He gives three levels or types of Celtic legend:

1) the level of adventure – tales mainly (comparable to archeological evidence)
2) the sanctity of the land – where environmental and tribal welfare is emphasized
3) cosmic/stellar/universal – ideas echoed in myths worldwide

An example of the cosmic would be the festivals of Samhain and Beltaine as based on the rising and setting of the Pleiades (group of stars called the seven maidens) as well as the constellation Orion – appearing to be a hunter chasing them across the sky.

He shies away from the defining the Celtic ideas in terms of both/either solar myth or shamanism as many authors like to do. Apparently most sculptural depictions of deities are Romano-Celtic and so heavily influenced by Roman ideas of similar deities. The compatibility of deities may be due to both cultures being of Indo-European origin as the dominating influence.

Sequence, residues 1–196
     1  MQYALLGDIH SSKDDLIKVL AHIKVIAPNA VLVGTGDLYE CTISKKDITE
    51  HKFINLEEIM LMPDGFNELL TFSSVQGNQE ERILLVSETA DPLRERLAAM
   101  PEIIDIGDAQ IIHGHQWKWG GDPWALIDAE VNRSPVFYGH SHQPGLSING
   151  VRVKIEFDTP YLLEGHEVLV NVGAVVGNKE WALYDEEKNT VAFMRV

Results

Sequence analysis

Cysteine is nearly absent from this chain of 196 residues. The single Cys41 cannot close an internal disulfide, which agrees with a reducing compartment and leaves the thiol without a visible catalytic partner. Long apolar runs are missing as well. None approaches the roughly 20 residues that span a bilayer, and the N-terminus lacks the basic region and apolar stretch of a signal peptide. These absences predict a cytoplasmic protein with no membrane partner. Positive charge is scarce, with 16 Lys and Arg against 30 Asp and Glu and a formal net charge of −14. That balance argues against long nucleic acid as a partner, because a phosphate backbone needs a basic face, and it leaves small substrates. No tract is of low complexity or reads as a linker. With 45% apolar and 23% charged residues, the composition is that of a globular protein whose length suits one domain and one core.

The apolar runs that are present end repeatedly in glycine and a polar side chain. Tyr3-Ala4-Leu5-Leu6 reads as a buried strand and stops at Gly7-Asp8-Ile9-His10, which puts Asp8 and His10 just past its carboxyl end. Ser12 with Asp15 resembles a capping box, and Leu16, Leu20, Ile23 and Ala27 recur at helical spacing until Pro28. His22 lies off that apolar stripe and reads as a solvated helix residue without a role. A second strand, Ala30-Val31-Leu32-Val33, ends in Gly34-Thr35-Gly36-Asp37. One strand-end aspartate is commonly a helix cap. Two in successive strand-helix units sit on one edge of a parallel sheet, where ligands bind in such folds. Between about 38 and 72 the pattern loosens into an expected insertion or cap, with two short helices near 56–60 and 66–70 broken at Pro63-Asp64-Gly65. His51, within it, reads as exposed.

Linguists tend to separate the Celtic tribes into 2 groups based on language – Q-Celtic – or Gaelic speakers from Ireland/Scotland/Manx --- and P-Celtic speakers from Wales/Breton/Cornwall. But culturally – they are very related. Legend has it that the Irish Gaels arrived earliest from Spain and displaced the existing races of half-humans and magical beings that had displaced the previous ones. This is recounted in the Book of Invasions (compiled from lore in the Middle Ages). The tribe called the Belgae were said to arrive last (100-50 B.C) conquering Southern England then being conquered in turn by the Romans. Ireland and most of Scotland remained free from Roman rule.